mailing list archives
Many machines still vulnerable to ip fragment attacks
From: andrew () DAVIEL ORG (Andrew Daviel)
Date: Fri, 10 Mar 2000 11:57:19 -0800
A recent security scan at a research lab revealed a disturbing fact - a
large number (about 25%) of networked devices are still vulnerable to the
3-year-old land/teardrop exploits.
These included things like HP printers, PLCs (programmable logic
controllers), various flavours of Microsoft operating systems (a 50%
survival rate), older systems such as Digital Ultrix, RTOSs (real-time
operating systems) etc. etc.
Some of these devices were being used in sensitive control applications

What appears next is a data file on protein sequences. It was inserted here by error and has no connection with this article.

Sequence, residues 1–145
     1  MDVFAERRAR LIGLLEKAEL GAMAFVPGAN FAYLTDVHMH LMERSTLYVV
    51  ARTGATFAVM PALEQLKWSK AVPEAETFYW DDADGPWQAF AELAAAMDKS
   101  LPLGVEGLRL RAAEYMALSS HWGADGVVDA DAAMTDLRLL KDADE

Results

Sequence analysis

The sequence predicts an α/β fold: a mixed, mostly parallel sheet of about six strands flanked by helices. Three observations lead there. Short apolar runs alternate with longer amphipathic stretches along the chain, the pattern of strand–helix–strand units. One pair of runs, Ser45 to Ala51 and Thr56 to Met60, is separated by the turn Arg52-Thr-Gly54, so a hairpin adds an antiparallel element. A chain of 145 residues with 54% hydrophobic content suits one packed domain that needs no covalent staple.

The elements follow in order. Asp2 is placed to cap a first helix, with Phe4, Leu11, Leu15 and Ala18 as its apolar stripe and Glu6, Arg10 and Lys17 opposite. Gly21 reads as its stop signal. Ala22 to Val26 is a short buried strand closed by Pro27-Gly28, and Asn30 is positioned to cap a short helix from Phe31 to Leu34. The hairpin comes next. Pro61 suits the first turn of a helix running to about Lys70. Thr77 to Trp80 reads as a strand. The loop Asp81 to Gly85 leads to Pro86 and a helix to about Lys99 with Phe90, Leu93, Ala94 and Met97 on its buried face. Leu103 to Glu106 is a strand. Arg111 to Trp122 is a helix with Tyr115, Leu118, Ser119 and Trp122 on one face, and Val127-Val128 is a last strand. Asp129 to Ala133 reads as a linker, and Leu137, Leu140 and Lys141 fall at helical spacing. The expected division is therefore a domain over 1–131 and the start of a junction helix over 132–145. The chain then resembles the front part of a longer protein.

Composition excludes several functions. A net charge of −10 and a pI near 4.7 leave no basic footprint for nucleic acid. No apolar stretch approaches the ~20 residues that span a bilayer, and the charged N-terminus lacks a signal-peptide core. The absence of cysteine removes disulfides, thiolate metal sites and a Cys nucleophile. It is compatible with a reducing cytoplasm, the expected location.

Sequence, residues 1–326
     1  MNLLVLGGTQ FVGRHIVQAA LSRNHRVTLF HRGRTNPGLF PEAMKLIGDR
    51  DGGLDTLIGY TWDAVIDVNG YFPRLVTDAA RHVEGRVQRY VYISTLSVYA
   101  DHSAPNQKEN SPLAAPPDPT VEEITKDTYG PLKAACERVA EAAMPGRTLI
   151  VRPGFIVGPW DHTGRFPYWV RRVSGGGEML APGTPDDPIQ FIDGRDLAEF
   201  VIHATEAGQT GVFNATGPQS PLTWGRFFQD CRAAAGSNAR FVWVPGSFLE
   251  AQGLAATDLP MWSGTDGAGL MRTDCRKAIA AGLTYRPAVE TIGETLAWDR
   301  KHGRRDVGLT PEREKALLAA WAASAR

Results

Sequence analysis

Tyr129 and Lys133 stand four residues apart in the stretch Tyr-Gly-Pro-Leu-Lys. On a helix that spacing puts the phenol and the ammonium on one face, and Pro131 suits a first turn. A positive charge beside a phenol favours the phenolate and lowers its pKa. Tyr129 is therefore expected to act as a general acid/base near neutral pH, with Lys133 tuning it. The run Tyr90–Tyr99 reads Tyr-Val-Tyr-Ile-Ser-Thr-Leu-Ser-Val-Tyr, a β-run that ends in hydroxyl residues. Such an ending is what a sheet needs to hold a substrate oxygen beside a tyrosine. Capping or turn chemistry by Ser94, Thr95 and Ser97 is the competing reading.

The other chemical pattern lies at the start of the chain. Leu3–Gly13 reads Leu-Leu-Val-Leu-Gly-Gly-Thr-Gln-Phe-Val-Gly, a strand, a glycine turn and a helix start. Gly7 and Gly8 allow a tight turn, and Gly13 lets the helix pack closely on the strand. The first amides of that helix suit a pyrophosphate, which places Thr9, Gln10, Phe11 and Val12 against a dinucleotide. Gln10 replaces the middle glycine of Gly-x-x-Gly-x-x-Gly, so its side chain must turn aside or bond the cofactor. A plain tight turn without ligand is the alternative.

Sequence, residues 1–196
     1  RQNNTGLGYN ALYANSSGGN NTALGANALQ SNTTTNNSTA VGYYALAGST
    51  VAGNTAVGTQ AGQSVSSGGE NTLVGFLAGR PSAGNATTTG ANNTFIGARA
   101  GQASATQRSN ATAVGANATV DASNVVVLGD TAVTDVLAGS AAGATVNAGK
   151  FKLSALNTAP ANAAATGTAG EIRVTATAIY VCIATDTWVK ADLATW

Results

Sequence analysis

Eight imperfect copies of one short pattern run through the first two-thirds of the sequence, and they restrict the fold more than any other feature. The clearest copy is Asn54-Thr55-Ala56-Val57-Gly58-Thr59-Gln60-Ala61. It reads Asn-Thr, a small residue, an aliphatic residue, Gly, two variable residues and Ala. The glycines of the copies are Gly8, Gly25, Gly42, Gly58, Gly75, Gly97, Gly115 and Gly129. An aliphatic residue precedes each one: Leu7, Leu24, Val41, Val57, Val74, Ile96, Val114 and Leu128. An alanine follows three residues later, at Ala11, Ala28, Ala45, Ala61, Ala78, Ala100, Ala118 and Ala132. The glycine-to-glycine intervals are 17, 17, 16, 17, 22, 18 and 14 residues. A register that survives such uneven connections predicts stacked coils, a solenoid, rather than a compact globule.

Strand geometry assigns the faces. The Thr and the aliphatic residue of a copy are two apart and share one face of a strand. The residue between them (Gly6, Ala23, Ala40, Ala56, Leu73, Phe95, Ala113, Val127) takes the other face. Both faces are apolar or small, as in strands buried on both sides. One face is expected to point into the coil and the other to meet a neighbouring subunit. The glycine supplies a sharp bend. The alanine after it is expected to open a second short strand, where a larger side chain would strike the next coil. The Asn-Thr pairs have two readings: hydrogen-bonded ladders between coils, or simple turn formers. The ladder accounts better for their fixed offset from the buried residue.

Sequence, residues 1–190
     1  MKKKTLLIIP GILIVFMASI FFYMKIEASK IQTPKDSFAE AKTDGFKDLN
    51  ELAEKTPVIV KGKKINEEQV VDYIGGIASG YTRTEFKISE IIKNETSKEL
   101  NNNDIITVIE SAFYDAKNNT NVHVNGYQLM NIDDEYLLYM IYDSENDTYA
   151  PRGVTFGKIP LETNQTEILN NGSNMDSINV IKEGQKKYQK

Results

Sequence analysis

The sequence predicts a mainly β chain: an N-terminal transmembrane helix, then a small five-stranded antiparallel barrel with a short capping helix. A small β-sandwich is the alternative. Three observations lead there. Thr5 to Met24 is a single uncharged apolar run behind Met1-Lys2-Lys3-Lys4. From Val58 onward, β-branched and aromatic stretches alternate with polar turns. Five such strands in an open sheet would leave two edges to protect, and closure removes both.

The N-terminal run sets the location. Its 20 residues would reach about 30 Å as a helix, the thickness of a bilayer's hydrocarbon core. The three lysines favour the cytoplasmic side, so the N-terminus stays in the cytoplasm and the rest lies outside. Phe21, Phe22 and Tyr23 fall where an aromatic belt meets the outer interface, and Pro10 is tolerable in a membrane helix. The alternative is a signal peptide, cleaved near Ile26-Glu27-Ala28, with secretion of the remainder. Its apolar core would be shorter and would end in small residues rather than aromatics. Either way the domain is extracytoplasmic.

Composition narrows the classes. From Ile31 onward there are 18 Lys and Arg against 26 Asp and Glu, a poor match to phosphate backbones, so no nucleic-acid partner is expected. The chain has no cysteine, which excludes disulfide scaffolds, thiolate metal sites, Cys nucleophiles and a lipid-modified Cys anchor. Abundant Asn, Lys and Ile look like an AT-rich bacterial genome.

(though not safety-related systems).
I suspect that this situation is not that unusual - sites may keep their
webservers and other machines in the DMZ updated and fairly secure, but
not have the resources to constantly update everything else as well.
Some networked devices are essentially "black boxes" - the TCP stack
is held in read-only memory with no update capability. Such devices may
have a much longer service life at one software revision compared
to traditional computers. Such devices may find their way into
sensitive areas such as process control, patient monitoring, alarm systems
Sensitive networks should be placed behind a local dedicated firewall,
not just a corporate or site firewall.
Purchasing approval of networked devices should be subject to
passing a security/vulnerability check.
Existing networked devices in service be (carefully!) tested for
DoS resistance. TCP stack hangs or crashes should not place control
software in an unsafe state.
- Many machines still vulnerable to ip fragment attacks Andrew Daviel (Mar 10)